Welcome back to the Avacyn Restored Flavor Text Review! Once again, I’ll take a look at every card graced with flavor text and show how it stacks up. Today we’ll be looking through red, green, multicolored, artifacts, and lands! I’ll be using the same scorecard this week as last week.
5.0: Instant classic. Short, witty, and unforgettable. Think Null Rod, Root Greevil, or my favorite, Quenchable Fire. The kinds of flavor said out loud when the card is played.
4.5: Not quite an instant classic, but very good. Only a few cards from any set will obtain a 4.5 or 5.0.
4.0: Well done. These texts do a great job of telling the story, lay down a nice pun, or are otherwise well-written. This is the cut-off for flavor texts that an average player might find memorable.
3.0: These texts get the job done, but aren’t that memorable. They get a piece of storyline across, or contain some sort of average pithy phrase. With any luck, I should drop most flavor texts into this category.
2.0: These texts are somewhat poor. They are cliché or do a poor job of telling the story.
1.0: Exceptionally bad flavor text. Maybe it’s a paragraph of drivel on a vanilla 2/3, or something that gives the same amount of flavor as a eating a dirty sock.
If I feel a card falls somewhere between two of the whole numbers, I will give it a “point-five” rating. I’ll give the card its closest whole number score, then add or subtract 0.5 if something annoys or impresses me.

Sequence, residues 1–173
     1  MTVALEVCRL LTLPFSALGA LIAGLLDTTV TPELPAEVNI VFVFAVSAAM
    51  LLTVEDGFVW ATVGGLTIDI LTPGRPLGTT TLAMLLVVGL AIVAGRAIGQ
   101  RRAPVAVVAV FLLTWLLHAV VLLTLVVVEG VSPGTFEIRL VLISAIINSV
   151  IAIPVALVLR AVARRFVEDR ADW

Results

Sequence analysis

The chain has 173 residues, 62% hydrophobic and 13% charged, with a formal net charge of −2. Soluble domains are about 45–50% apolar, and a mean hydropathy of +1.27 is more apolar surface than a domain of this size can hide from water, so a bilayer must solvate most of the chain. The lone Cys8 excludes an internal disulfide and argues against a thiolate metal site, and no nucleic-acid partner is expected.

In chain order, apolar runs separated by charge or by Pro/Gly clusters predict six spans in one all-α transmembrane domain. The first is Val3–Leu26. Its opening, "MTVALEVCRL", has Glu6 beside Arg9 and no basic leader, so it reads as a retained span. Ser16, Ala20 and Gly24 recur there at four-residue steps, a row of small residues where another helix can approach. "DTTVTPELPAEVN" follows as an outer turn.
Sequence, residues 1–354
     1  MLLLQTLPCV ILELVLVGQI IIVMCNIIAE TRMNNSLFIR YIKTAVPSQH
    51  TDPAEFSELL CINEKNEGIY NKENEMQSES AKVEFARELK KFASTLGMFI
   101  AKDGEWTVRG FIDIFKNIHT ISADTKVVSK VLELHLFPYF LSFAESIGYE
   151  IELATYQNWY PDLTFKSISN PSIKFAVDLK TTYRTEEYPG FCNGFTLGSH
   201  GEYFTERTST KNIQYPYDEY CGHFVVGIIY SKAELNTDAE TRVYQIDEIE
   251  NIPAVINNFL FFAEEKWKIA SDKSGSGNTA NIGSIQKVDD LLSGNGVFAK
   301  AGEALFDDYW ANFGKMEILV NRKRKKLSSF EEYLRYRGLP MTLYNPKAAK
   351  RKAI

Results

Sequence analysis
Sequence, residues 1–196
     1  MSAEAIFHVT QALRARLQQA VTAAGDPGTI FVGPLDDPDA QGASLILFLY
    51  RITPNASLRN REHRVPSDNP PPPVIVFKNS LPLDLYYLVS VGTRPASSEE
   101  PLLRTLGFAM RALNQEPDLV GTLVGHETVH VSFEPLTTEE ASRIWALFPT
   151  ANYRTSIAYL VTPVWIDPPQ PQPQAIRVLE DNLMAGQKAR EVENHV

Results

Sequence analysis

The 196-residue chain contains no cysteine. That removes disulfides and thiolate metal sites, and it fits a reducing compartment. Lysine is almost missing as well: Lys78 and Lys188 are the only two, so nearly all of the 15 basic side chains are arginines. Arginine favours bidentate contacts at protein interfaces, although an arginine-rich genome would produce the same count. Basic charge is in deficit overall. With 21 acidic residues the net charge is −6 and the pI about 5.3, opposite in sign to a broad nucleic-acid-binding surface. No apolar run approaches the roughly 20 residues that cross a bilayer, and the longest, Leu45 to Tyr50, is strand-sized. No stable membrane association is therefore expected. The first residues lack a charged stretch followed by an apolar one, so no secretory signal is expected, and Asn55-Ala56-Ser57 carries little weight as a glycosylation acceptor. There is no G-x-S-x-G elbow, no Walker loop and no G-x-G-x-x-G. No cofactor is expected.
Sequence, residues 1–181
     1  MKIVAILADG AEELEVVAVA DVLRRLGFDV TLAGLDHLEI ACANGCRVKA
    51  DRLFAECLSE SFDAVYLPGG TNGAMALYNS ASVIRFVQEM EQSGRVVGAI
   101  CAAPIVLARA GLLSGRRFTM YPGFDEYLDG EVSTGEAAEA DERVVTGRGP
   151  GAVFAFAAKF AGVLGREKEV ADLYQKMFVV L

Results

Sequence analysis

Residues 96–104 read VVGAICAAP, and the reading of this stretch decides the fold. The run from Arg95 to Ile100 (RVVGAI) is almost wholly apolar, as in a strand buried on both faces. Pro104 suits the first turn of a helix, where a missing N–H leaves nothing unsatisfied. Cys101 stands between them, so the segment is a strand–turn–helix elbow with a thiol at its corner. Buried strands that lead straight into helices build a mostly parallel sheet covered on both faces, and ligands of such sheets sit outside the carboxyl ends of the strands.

Note: I do not follow Magic’s storyline beyond the basics. I won’t be biased or knowledgeable about any story aspect of the flavor texts, so I am relying on the flavor texts to tell me about the cards.
Let’s make haste into red!
“Barbarians! They burned my favorite chair! We’ll kill them all!”
Red’s off to a good start with Aggravate. Genuinely funny and flavorful, Aggravate does a great job with red’s whimsicality. What do you call barbarians that burn chairs? Bench Warmers.
Archwing Dragon: 2.5
Swifter than an angel, crueler than a demon, and relentless as a ghoul.
I can handle this one, except I don’t like the asymmetry at the end. Is it too hard to say “more relentless than a ghoul” to keep everything in stride?
Banners Raised: 3.0
After the destruction of the Helvault, fearful mobs soon became fearless battalions.
Great name, good flavor text. This gives a great perspective on the Helvault aftermath, which is the lynchpin of this story.
Battle Hymn: 1.0
“A church is just wood and walls. A congregation is the faithful praising the angels.”
—Kolman, elder of Gatstaf
Bleh. I’m not sure if this is saying anything at all. This text should have just been the battle hymn itself. Wizards would never touch this – but how good would “Angels we have heard on high/ sweetly killing o’er the plains” be? “And the mountains in reply/ swiftly casting thunderbolts.”
I just realized that a Christmas tune references two basic land types. This might be the Plateau of the review right here.
Dangerous Wager: 3.5
“C’mon friend, take a turn tossing the knucklebones. What’ve you got to lose?”
—Tobias, trader of Erdwal
Something about roleplaying a planeswalker that himself plays games tickles my fancy. And why does rolling dice always have to do with fingers? First it was Krark’s Thumb and now there are knucklebones.
“To truly defeat a skaberen, you must destroy not the monster but the lab.”
—Rem Karolus, Blade of the Inquisitors
What do you call someone who sifts through the ruins of a Skaberen lab looking for valuables? A Skaab Picker.
Dual Casting: 2.0
Hours after the Helvault opened, his powers returned twice as strong as before.